By Jennifer Copley (Last Updated 1 September 2011)
Should you let your cat outside? Many owners ponder this question, weighing the risks against the ideal of enabling the cat to come and go freely. When making this choice it is important to consider the fact that outdoor cats face a variety of dangers, including fights, poisons, cars, parasites, and diseases.
Outdoor cats are often attacked by other cats, dogs, raccoons, coyotes, and in some cases, people. Injuries can be serious or even fatal. Many pets are lost to predators each year and in most cases their owners have no idea what has happened – their cats simply fail to come home one night.
Many people continue to be irresponsible with antifreeze and other toxic substances, leaving them out where children and animals can gain access. People also put out poison to eliminate ants, rodents and other creatures. As a result, many people lose their pets to poisoning each year.
Large numbers of outdoor cats in city centers and suburban areas lose their lives to vehicles, or suffer severe injuries if they do survive. Veterinary expenses for the care and rehabilitation of cats that have been hit by cars can be enormous.
Cats with free access to outdoor space can pick up both external and internal parasites. External parasites include fleas and ticks, the latter of which can cause serious diseases such as Bobcat Fever that are fatal to cats. Internal parasites, which cats may pick up when they eat infected animals, can also have serious health consequences.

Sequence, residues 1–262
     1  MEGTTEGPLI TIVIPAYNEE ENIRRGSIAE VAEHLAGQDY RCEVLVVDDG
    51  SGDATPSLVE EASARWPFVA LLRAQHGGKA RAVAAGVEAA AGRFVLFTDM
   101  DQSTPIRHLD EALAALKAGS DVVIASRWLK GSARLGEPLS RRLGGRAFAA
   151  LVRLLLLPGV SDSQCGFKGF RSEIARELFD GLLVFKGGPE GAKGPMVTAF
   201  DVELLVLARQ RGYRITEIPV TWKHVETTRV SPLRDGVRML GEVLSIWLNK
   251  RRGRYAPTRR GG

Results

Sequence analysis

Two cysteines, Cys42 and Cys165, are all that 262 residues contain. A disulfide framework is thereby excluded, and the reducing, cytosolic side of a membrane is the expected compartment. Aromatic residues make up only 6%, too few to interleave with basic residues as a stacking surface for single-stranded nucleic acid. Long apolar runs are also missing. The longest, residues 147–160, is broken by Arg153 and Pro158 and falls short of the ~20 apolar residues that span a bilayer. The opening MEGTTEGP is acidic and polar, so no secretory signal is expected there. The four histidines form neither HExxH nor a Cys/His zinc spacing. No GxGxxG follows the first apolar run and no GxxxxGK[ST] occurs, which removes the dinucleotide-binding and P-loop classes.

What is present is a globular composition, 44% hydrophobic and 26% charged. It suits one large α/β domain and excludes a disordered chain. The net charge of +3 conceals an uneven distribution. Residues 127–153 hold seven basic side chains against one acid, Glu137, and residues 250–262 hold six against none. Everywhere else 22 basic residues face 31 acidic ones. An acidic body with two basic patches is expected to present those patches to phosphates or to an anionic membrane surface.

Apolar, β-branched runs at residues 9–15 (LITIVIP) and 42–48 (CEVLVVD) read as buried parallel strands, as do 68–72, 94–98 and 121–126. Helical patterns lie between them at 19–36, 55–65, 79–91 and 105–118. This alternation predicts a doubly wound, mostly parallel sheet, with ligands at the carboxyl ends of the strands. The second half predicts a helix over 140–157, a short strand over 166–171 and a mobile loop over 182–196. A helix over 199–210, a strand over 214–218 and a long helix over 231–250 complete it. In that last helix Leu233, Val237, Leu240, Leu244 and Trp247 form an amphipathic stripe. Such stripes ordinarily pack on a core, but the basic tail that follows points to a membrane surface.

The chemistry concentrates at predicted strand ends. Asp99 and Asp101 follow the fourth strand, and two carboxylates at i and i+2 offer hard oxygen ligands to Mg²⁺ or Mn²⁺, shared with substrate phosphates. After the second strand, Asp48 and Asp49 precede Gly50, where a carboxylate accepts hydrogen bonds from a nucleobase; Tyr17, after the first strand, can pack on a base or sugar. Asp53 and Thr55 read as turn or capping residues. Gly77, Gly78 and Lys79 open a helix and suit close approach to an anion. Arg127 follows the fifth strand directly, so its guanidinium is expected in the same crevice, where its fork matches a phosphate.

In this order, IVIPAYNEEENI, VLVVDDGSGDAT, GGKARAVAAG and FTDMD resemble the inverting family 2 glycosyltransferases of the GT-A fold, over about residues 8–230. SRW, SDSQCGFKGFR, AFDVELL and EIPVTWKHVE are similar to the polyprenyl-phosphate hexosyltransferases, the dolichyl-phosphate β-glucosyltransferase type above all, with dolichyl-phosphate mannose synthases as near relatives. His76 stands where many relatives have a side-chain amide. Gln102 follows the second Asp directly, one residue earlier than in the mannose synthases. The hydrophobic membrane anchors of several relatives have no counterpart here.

Certain diseases, such as feline distemper, are spread more easily when cats go outdoors. Additionally, outdoor cats may be exposed to rabies when they interact with infected wildlife.
An outdoor cat that has not been neutered or spayed will contribute to the population of feral cats in the neighbourhood. Large numbers of feral cats are killed each year, and having an un-neutered or un-spayed cat wandering around contributes to this death toll.
The Indoor Cat Initiative
The Ohio State University College of Veterinary Medicine has created the Indoor Cat Initiative, which is designed to enrich the lives of indoor cats. This website details the psychological and physical needs of indoor cats, and ways to keep them healthy.
If you feel that it is wrong to keep a cat indoors despite the risks, you could leash train your cat to provide supervised outings. This eliminates all outdoor cat risks with the exception of external parasites such as fleas and ticks. However, ticks can be checked for and removed after an excursion, and there are methods for natural flea control that can be implemented. Building or purchasing a cat fence or enclosure provides the best of both worlds – a maximum of freedom with a minimum of danger.
Reference: Merck & Co., Inc., Eds. Cynthia M. Kahn, BA, MA & Scott Line, DVM, PhD, Dipl ACVB. (2007). The Merck/Merial Manual for Pet Health, Home Edition.